Leadership / 05.04.18
Amazon Tickets Pulled Back From the Market. Will It Be Back?
"You come at the king, you best not miss." That was one of the more memorable lines delivered by breakout character Omar Little, the swaggering, stick-up man played by Michael Kenneth Williams in HBO's late, great "The Wire." Omar's street wisdom can be applied to big business. How many competitors have tried to come at and take on such industry royals as McDonald's, Disney, Coca-Cola and Wal-Mart? How many have missed?
In the ticketing biz, Amazon took its best shot at Ticketmaster with Amazon Tickets, a U.K.-based operation that first started selling tickets in 2015 before fully launching its ticket platform in November 2016. Things looked promising in the early going: Amazon even publicly stated that it would disrupt "the entire live entertainment experience," recalls the Complete Music Update news service. Amazon had the resources, the online infrastructure and a massive existing customer base of music fans. It also partnered with AEG to launch Prime Live Events, which garnered a number of successful events. Among them were shows from Blondie and shows at Hyde Park and Royal Albert Hall in the UK. Industry watchers were seriously asking, "Could Amazon be the one new entrant into the hyper-competitive ticketing business that could actually gain some traction?"
But Amazon soon learned what far smaller ticketing start-ups had discovered: Taking on the large players in this market is hard, no matter how customer-friendly your platform is. Amazon officially made the decision to permanently shutter Amazon Tickets in February of this year. Getting access to tickets for the big shows proved to be an especially big problem. After all, the biggest concert promoter of them all — Live Nation ― owns Ticketmaster and its related ticketing businesses.
A year prior, the online retail giant had tried to take its ticketing ambitions stateside. It conceded that Ticketmaster was the dominant force for ticketing in America and tried to do a deal with Live Nation. Live Nation, though, was not shy in using the power of its throne. The company told Amazon it did not need help moving tickets for the likes of Beyonce, U2 or Bruno Mars. Instead, it only wanted help selling tickets to shows for which there was plenty of availability. According to Billboard, there was also a disagreement over data. Amazon couldn't get over its reluctance to share purchasing data and contact information for its approximately 85 million Prime subscribers. A failure to secure a deal resulted in Amazon scrapping its U.S. ambitions.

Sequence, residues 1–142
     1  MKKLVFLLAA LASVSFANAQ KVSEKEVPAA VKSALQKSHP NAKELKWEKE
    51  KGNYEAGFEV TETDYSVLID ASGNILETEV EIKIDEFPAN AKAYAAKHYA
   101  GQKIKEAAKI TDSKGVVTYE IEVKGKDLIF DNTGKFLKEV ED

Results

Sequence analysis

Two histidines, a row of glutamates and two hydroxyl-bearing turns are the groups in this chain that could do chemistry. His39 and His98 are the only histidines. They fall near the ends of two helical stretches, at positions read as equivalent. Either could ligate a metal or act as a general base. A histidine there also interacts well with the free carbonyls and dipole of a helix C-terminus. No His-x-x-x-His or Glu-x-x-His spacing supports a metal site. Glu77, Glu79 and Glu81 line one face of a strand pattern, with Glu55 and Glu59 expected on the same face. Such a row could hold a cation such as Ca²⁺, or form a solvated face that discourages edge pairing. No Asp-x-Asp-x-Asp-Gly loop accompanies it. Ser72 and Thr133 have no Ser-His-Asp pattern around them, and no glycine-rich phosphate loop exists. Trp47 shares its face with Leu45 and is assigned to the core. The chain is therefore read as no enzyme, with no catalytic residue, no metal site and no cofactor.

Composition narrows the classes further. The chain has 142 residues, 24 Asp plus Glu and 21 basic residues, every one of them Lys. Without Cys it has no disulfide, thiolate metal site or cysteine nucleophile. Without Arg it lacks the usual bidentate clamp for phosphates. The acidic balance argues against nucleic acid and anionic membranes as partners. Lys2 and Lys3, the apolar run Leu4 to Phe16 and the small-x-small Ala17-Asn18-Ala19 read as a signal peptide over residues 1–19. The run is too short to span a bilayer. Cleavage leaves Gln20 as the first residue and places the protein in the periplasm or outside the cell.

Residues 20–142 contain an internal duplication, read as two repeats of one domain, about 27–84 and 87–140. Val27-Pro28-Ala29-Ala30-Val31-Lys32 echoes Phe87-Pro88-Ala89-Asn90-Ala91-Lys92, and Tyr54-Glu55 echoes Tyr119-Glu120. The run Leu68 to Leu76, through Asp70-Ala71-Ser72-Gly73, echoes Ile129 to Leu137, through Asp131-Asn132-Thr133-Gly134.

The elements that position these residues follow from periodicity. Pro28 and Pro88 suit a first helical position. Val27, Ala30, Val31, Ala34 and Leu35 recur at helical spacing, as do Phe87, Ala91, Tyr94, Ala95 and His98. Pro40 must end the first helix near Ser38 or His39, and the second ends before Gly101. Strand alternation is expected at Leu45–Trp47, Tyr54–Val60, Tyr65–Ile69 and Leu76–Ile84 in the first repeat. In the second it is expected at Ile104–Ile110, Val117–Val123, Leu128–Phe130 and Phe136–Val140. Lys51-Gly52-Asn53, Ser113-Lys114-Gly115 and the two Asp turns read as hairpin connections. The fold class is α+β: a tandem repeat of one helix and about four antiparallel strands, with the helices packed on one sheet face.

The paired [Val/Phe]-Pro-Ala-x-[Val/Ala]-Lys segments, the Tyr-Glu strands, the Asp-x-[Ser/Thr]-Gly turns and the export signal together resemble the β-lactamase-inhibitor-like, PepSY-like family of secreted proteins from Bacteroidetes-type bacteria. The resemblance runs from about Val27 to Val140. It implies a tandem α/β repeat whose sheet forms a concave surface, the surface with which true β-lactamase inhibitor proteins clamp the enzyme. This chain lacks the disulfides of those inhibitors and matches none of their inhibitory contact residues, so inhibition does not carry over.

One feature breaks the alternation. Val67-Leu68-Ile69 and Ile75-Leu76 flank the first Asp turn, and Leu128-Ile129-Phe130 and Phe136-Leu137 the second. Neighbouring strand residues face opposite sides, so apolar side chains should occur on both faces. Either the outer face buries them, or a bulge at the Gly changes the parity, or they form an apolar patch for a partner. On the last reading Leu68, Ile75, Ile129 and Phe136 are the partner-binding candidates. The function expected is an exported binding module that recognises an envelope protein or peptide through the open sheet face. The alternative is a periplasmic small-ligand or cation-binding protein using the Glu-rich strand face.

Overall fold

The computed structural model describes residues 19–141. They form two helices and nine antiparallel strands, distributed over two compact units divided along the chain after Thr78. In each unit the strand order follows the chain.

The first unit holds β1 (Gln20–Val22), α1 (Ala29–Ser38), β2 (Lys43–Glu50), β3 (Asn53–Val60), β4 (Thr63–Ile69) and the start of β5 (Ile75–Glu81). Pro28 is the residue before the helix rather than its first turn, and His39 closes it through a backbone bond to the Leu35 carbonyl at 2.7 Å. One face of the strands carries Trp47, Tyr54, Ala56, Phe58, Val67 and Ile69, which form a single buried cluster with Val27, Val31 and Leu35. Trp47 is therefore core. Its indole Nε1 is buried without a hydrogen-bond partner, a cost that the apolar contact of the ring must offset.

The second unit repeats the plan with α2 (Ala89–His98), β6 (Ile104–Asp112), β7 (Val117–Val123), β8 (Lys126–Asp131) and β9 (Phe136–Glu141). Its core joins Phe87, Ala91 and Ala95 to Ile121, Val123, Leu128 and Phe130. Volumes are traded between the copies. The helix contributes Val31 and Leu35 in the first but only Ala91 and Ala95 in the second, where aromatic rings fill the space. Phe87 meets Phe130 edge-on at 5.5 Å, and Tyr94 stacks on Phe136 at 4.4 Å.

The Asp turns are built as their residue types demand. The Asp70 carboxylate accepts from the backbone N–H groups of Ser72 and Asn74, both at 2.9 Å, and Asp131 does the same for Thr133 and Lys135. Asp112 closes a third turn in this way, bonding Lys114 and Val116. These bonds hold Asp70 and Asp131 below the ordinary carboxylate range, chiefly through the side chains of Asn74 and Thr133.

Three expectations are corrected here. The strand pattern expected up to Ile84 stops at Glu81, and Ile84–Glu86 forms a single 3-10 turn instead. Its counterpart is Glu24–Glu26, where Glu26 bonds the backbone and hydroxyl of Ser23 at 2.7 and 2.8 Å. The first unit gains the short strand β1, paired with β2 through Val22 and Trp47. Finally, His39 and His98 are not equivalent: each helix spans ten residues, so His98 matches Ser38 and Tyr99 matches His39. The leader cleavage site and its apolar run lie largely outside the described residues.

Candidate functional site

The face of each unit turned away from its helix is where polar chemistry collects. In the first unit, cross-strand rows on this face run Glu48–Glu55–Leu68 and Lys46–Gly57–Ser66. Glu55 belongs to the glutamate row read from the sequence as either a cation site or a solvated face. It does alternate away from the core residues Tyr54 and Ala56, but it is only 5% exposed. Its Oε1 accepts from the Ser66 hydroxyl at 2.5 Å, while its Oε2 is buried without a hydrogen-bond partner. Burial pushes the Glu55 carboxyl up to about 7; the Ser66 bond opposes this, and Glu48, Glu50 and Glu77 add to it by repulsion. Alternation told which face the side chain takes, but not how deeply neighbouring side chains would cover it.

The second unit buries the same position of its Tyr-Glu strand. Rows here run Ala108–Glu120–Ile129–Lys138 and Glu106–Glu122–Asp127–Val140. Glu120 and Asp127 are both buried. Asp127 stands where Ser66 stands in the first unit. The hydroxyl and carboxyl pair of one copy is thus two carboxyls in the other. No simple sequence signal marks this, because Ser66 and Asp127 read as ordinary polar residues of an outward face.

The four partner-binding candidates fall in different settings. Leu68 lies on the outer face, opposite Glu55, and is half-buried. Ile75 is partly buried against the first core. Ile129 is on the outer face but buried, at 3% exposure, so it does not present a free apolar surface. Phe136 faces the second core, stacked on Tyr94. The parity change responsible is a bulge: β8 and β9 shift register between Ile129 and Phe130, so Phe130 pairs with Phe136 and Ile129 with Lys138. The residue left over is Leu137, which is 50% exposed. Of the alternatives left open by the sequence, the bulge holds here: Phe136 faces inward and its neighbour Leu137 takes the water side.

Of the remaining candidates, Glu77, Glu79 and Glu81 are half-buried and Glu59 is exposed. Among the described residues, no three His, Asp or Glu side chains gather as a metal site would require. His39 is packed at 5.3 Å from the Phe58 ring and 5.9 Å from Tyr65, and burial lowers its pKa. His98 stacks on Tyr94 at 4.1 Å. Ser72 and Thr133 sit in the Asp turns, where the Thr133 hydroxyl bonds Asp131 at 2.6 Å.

“Our industry has done a terrific job of preserving the power of data ownership,” said Maureen Andersen, President of INTIX. “Our venues and organizations know that the data is king, and it isn’t surprising that the Amazon ticketing play didn’t quite work out around this topic. Ultimately, regardless of the technology, the sharing and data ownership piece will be the resolution point. Our industry isn’t going to go backward in ownership — he who owns the data controls the experience.”
Amazon Tickets essentially died on both sides of the Atlantic. However, it’s very possible that Amazon used their ticketing foray as a market learning and evaluation opportunity. Although it’s shuttered in both countries, there is a possibility we will see Amazon re-enter the market at a later date with a different offering.
Billboard reports that there is still a chance Amazon may be quietly preparing for a 2019 relaunch with new technology and tie-ins with the voice-activated Amazon Echo speaker and the Firestick TV streaming device. In last year's fourth quarter, the industry publication recalls, Amazon officials met with a number of show producers at its Seattle headquarters and offered details of a new ticketing platform tied into the two aforementioned devices, utilizing its AI-driven personal assistant software Alexa to make searching for event tickets easier. It’s not yet clear how the Firestick may be part of the technology capabilities, but it could potentially be a new offering to intuitively search for and purchase tickets through a TV app.
So if Amazon does enter the ticketing arena, it sounds like its focus might be on utilizing technology to optimize customer experience – something for which Ticketmaster has never garnered accolades, and has lately been under fire due to its new “confusing and stressful” Verified Fan program. This could be the edge Amazon needs, but, of course, only time can tell.
Market experts have various thoughts on Amazon’s potential ticketing reentrance. Macquarie analyst Amy Young told Amplify Media founder and Executive Editor Dave Brooks, "If Amazon wants to come into the market, then they will have to negotiate directly with artists, venues and sports teams."
Whether or not Amazon resurrects its ticketing platform (and how), its first foray into the business certainly offers new food for thought.
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Tags: Ticketmaster , Digital Marketing , Artificial Intelligence